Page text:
Why Brendan O’Carroll’s “Mammy” Brown Became “Mummy” Brown

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Analysis: Irish comedian’s appearance in Tyler Perry’s new film suggests just how much Ireland and black America have in common

By Mary Burke, University of Connecticut

At Brendan O’Carroll’s character Agnes “Mammy” Brown, the heart of the long-running RTÉ-BBC series, Mrs. Brown’s Boysnow characteristics in A Homecoming Madea. This is the new film from the powerful African-American comedian, writer, producer and director, Tyler Perrywhich is currently broadcasting worldwide on netflix.

The title character of the hit comedy franchise Madea is a resilient, sharp-tongued African-American matriarch played – not always without controversy – by the male Perry. His name might not be familiar to most Irish people, but Perry is – and there’s no better way to put it – America’s Brendan O’Carroll.

Although the Madea franchise is regularly dismissed as unintellectual (a criticism its fans, like those of Mrs. Brown’s Boys, ignore), it mixes its sensational family comedy-drama with topical socio-political intrigue. In the last film, in which the Black Lives Matter movement is addressed, another plotline is that Madea’s great-grandson, Tim, comes out of the closet, making him the franchise’s first openly gay character. For all the retrograde aspects of a brand of humor that relies on crude references to an elderly woman’s bodily functions, O’Carroll has also turned to progressive issues. lending her creation Mrs Brown campaigning to legalize same-sex marriage in Ireland, for example.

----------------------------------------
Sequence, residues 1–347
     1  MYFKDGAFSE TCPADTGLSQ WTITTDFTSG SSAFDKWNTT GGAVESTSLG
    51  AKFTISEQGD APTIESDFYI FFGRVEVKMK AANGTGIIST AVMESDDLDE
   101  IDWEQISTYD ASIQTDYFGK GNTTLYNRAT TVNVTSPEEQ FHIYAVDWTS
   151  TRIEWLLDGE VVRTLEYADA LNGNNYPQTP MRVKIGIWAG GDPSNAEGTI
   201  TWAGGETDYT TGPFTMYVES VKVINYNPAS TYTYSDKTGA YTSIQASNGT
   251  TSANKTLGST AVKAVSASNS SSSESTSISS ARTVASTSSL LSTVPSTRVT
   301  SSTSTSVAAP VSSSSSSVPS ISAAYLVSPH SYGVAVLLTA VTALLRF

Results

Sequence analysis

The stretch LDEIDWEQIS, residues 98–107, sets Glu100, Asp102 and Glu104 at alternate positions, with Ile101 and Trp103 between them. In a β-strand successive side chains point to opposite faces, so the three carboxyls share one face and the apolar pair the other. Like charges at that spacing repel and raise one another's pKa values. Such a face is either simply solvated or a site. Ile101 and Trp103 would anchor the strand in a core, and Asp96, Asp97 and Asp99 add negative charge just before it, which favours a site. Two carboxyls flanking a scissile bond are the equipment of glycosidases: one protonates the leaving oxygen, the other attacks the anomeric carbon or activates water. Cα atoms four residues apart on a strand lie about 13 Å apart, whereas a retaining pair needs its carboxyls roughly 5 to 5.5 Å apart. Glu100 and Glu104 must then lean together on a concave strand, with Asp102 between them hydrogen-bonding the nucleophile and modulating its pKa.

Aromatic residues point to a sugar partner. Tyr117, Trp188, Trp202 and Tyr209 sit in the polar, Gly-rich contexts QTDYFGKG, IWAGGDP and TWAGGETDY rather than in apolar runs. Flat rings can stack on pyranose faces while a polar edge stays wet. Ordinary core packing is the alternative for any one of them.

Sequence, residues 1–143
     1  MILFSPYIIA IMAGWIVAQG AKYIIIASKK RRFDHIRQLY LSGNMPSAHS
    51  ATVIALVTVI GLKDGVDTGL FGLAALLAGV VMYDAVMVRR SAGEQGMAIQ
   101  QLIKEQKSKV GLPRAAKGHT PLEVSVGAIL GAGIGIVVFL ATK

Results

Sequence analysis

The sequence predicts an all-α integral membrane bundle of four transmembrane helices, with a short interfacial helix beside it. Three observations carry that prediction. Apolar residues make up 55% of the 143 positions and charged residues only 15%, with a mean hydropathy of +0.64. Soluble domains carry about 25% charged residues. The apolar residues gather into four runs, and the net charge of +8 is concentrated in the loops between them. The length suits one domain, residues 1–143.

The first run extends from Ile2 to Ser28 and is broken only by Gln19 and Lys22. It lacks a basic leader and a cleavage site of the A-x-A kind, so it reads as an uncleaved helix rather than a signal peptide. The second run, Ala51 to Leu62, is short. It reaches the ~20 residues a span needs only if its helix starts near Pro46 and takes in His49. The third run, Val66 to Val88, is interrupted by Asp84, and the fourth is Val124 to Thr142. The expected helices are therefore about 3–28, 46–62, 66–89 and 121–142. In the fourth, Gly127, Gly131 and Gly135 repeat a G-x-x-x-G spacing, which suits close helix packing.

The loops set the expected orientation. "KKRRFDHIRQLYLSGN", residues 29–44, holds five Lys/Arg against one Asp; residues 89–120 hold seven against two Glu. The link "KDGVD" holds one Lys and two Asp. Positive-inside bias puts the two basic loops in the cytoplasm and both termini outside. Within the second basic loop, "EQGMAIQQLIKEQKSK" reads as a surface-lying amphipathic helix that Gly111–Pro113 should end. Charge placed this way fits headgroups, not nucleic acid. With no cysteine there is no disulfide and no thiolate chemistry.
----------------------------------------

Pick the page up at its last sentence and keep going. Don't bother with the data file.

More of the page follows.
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Trailer for Tyler Perry’s A Madea Homecoming

Agnes’ pronunciation of “panties” is first heard as a racial slur by Madea’s shocked clan, suggesting how the film’s brutal humor draws from the far-from-funny history of racism. America. But Irish criticism of O’Carroll’s star turn seems, at least initially, to have nothing to do with hard-hitting issues. Instead, it’s a complaint that Netflix’s English subtitles rendered Agnes’ daughter’s pronunciation of “mammy” as “mommy.” (In fact, we don’t always know which word Jennifer Gabney uses in her role as Cathy Brown.)